It’s not unusual nowadays for a big city to host a bike race that involves binge-eating donuts or a moonlight ride that draws thousands of people. But that wasn’t always the case. Trends have to start someplace, and in this case, that someplace is St. Louis. Here’s a brief look at five outdoor phenomena that began in and around the Gateway City and went on to national — even international — acclaim.
Patrick Van Der Tuin, currently the executive director of St. Louis BWorks, was in his 20s when he sparked a bicycling awareness campaign that has spread across the country.
After seeing a motorist strike a cyclist in a bike lane on Holly Hills Boulevard, Van Der Tuin placed a white-painted bicycle on the spot with a sign reading “Cyclist Struck Here.” Noticing the effect this had on motorists in the area, he then enlisted the help of friends to place 15 more “ghost bikes” in prominent spots around St. Louis where cyclists had been hit by automobiles.
Apart from being a memorial, the bikes were intended as a reminder to passing motorists to share the road. Similar projects have arisen in Pittsburgh, New York City, Albuquerque, Toronto and London.
Tour de Donut
This 30-mile bicycle race held in Staunton, Ill., began with 25 participants in 1988 and now registers more than 1,000 competitors annually. The event was originated by the Mid-America Bicycle Club and inherited by the Boeing Employee Bicycle Club.
The Tour de Donut is traditionally held on the second Saturday in July, to coincide with the Tour de France, which it spoofs. During the race, riders must stop at two checkpoints where they can earn a 5-minute time credit for each donut they eat. Consumption is not mandatory, but encouraged.
Like-minded races have turned up in Ohio, Texas and California. To freshen the program this year, the first ever Tour de Donut Hole will offer a ride of 12 miles with just one donut station.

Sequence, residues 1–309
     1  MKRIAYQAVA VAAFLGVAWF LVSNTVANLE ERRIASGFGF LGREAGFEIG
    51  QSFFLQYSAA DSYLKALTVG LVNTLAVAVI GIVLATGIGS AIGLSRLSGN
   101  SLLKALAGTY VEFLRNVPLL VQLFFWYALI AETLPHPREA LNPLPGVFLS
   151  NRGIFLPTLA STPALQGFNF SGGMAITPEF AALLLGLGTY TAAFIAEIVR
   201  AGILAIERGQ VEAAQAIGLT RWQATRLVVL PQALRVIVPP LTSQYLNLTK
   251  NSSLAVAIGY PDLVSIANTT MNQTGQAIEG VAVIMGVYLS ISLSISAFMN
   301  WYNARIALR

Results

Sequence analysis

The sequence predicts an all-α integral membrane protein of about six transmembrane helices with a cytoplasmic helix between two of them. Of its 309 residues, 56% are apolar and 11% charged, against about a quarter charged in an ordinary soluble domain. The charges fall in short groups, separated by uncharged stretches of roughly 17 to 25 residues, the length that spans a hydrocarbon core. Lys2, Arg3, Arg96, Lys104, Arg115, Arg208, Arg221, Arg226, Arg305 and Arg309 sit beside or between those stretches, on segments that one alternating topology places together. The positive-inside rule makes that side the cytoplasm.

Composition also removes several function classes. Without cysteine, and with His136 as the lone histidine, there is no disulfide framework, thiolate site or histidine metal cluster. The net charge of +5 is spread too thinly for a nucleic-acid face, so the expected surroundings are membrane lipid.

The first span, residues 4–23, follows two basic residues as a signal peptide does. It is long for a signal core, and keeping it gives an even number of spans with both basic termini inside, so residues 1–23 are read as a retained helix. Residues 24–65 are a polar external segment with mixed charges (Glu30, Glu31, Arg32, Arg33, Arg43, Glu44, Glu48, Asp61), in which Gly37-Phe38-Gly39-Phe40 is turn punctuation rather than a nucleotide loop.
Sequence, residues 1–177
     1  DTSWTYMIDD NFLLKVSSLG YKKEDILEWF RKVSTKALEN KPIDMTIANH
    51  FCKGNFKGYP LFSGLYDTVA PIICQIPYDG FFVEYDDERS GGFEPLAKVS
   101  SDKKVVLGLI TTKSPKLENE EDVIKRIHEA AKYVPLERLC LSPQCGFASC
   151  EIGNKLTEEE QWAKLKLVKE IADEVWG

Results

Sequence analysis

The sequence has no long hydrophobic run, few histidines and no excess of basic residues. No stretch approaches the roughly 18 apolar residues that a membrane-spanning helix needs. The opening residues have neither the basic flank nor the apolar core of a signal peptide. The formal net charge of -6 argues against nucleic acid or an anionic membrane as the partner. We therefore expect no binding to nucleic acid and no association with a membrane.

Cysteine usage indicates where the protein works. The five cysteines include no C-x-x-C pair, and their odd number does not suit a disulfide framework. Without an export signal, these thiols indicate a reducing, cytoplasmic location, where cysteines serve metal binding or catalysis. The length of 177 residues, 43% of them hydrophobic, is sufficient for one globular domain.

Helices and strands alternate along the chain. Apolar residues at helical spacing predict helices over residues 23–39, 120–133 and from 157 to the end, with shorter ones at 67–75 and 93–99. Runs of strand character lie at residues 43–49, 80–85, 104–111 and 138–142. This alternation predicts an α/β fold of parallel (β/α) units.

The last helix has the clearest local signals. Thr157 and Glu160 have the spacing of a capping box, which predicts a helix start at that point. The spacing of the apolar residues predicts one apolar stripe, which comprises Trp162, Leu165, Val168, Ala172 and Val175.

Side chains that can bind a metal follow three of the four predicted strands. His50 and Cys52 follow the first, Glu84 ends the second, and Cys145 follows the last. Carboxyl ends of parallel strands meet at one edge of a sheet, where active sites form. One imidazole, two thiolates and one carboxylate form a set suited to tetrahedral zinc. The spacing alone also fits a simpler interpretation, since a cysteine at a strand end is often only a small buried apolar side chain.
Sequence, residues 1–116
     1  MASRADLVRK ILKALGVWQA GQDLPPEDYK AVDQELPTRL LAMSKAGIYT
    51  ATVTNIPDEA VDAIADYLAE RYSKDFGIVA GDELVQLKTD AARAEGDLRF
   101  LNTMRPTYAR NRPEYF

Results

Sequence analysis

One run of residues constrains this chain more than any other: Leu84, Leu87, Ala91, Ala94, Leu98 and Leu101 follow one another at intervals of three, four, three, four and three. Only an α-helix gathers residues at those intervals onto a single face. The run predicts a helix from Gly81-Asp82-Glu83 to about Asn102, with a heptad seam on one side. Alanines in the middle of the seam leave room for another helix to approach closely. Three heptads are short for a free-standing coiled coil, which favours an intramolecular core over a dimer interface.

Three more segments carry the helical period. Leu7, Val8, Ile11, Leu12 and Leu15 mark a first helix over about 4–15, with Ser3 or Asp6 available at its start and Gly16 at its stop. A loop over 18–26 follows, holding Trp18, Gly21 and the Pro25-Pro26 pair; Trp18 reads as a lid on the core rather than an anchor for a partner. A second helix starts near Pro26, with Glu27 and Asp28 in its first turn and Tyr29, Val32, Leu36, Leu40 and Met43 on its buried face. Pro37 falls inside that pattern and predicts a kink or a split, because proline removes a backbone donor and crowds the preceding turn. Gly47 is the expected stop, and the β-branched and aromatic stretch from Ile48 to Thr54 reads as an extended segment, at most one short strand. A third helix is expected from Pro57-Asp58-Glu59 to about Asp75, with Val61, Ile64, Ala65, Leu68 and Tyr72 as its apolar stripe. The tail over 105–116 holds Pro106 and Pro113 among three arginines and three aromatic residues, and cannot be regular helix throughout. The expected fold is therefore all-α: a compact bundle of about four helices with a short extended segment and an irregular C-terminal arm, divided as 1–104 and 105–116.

In 1964, Dick Leary, a ride leader for the Ozark Area Council of American Youth Hostels, organized a midnight bicycle spin starting at St. Louis Union Station. Only no one else showed up, so Leary rode by himself.
He tried again the next year, and a few people joined him. Even more came the following year. Within a decade, the ride was attracting thousands of participants — and inspiring similar nocturnal outings from Houston to Key West.
Over the years, the St. Louis event has started from different locations, at different times, and taken different routes. Entertainment, vendors, food and VIP-level amenities have been added. Yet nothing has changed the family appeal of the leisurely nighttime ride, a touchstone for generations of area cyclists.
Albert Berry became the world’s first modern parachutist when he successfully jumped from an airplane 1,500 feet above St. Louis’ army base at Jefferson Barracks in 1912.
People had made parachute jumps before, mostly from balloons, but this was the first from an aircraft. (A Benoit pusher biplane, to be precise.) Berry used a 36-foot diameter chute stuffed in a metal canister attached to the underside of the plane. When he dropped, his weight released the chute and he floated down seated on a trapeze bar.
A competing report says a man named Grant Morton became the first to jump from an airplane a year earlier in California. Call us biased, but we’re going to back Berry’s claim.
In addition to the World’s Fair, St. Louis in 1904 hosted the first ever Olympics held in America. Regrettably, history tells us the games are remembered for their many blunders rather than their glory.
Only 12 countries participated in the Olympics, which dragged on for a grueling 146 days and included tug-of-war as part of the track and field competition. Women only participated in one official event (archery) and so-called “uncivilized tribes” were relegated to a side-contest.
The marathon was held on a dust-covered road in 90-degree heat, forcing 18 of the 32 competitors to drop out. The first man to cross the finish line had ridden in a car for much of the way, and the real winner, Thomas Hicks, was in such agony that his trainers practically carried him across the finish line.
Author: Brad Kovach is the editor/publisher of Terrain magazine.